Wednesday, October 01, 2003

REVIEW: Performances (The Gate, Dublin)

Brevity appears the hallmark of Brian Friel's late style. The writer’s most recent plays have tended towards what, if they appeared in the work of Samuel Beckett, would have been labelled "dramaticules". And if ever there were an outing worthy of the term it is Friel's latest, a bare hour of a drama which tapers off into a performance of the final movement of Janácek's Second String Quartet.

Once more Friel is examining the artistic process, uncovering what makes artists do what they do, and reckoning the costs back on earth among the mortals. This time the artist figure is Czech composer, Leos Janácek (Ion Caramitru) who famously enjoyed a relationship with a much younger married woman. Although largely epistolary in substance, for the composer the relationship was, it seems, a crucial one: the woman, Kamilla, was said to have inspired many of the composer's finest works. Friel here sets about exploring her role in Janácek's Second string Quartet.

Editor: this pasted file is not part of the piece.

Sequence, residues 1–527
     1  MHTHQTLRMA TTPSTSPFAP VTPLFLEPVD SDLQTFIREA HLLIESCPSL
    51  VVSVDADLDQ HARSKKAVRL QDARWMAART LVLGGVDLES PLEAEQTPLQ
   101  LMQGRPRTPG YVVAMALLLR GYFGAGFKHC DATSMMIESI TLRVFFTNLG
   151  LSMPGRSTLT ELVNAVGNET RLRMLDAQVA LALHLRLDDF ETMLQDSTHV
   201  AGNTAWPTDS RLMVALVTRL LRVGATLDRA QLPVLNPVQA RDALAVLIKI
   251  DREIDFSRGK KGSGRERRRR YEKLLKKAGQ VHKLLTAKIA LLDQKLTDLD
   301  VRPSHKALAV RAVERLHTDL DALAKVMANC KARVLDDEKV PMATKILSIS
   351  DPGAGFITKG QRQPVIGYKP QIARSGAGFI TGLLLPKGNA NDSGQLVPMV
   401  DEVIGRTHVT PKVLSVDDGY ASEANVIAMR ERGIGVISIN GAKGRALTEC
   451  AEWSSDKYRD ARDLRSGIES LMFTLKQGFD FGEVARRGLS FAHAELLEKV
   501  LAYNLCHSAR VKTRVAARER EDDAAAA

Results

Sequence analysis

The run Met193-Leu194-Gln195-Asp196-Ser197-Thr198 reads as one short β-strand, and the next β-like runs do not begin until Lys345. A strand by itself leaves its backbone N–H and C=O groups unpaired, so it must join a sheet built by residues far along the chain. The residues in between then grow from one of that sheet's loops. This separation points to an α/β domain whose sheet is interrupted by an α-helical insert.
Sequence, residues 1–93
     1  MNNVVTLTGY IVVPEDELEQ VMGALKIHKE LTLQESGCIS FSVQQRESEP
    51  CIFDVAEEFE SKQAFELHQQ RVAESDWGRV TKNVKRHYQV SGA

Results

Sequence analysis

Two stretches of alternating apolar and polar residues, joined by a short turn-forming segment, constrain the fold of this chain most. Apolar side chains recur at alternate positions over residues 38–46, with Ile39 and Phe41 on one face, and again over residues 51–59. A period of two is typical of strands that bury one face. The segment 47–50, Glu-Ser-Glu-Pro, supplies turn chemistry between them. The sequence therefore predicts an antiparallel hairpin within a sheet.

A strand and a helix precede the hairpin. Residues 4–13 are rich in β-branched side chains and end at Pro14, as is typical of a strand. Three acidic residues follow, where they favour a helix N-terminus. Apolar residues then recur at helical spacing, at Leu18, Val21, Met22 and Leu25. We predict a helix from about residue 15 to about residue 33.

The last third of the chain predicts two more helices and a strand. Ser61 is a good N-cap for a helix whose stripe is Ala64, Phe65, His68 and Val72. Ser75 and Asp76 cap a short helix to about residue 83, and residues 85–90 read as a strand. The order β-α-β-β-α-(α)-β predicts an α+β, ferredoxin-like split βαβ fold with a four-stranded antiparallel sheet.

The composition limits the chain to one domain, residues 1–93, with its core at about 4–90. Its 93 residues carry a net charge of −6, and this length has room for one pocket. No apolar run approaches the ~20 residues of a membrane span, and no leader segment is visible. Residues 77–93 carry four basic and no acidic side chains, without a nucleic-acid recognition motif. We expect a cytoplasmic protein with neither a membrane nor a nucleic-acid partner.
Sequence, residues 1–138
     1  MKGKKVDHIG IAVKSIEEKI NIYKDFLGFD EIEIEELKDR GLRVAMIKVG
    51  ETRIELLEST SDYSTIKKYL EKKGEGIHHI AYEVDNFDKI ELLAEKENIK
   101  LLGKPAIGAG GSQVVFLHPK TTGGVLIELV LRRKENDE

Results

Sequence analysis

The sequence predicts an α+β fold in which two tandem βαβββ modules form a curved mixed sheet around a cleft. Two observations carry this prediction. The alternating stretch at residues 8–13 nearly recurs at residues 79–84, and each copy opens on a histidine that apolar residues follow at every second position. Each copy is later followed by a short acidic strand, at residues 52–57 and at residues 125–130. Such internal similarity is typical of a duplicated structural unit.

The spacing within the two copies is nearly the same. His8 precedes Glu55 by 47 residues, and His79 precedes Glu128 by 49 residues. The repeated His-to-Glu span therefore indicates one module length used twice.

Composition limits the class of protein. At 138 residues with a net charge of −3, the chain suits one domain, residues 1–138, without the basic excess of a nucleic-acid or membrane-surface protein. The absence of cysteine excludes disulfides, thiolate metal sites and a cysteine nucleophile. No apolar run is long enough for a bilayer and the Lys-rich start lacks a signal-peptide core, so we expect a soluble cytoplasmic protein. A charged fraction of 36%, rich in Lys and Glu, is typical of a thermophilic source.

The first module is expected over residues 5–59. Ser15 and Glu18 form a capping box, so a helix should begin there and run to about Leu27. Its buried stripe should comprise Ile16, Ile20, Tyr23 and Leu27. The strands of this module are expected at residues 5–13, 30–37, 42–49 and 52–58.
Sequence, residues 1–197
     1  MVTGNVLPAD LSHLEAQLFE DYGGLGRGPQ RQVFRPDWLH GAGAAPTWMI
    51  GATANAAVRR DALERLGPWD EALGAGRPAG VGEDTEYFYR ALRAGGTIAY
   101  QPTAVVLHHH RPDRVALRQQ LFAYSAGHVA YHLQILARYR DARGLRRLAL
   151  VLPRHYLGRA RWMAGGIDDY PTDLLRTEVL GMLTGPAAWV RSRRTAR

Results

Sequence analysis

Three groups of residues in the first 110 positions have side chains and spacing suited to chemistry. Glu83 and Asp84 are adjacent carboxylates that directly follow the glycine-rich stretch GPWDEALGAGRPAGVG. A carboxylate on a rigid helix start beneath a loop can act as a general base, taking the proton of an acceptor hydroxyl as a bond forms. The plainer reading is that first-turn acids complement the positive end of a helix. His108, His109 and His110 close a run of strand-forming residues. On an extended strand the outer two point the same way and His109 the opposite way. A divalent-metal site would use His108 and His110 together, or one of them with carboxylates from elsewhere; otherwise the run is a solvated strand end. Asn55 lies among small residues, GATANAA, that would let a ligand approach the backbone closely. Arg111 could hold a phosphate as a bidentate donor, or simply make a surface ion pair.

Anezka (Niamh Linehan) a PhD student researching the artist's work (an overworked plot device that should now be placed under a 50 year moratorium) comes to visit and pose questions. Her questions force the composer to consider once more his life and his work, and the fraught and cryptic relationship of one to the other in a manner that, at times, recalls a Ken Russell movie re-written by a seminary student.

But even Friel seems rather dissatisfied with this humdrum scene and attempts simultaneously to spice, egg and sex things up by framing the stolidly elaborated conversation between researcher and subject as a discussion between the living and the dead.

The playwright lets the setting disintegrate into a sort of dream of a Janácek museum, haunted by the man himself. Designer Joe Vanek’s set dots some hyper-large monochrome photographs and a museum case around a dilapidated space, and the costumes of Caramitru and the members of the Alba String Quartet (who play and have small speaking parts) are of washed-out, ghostly hues.

But no real attempt is made either to explain away the setting, or to establish it as a certainty within the play’s own logic. It's as though real life simply wont hold to the bones of this slight story, so Friel lets it slip away, almost unnoticed.

Performances is a decidedly underpowered, ambling Friel. The writer may be dealing with eternal passions and transcendence through art, but the conflicts here seem musty and forced, already well hashed out in previous Friel plays. Perhaps in the coming years, the academics will enjoy mulling the play and relating it to Friel’s own biography, but audiences in the here and now may find only small rewards for their attention.


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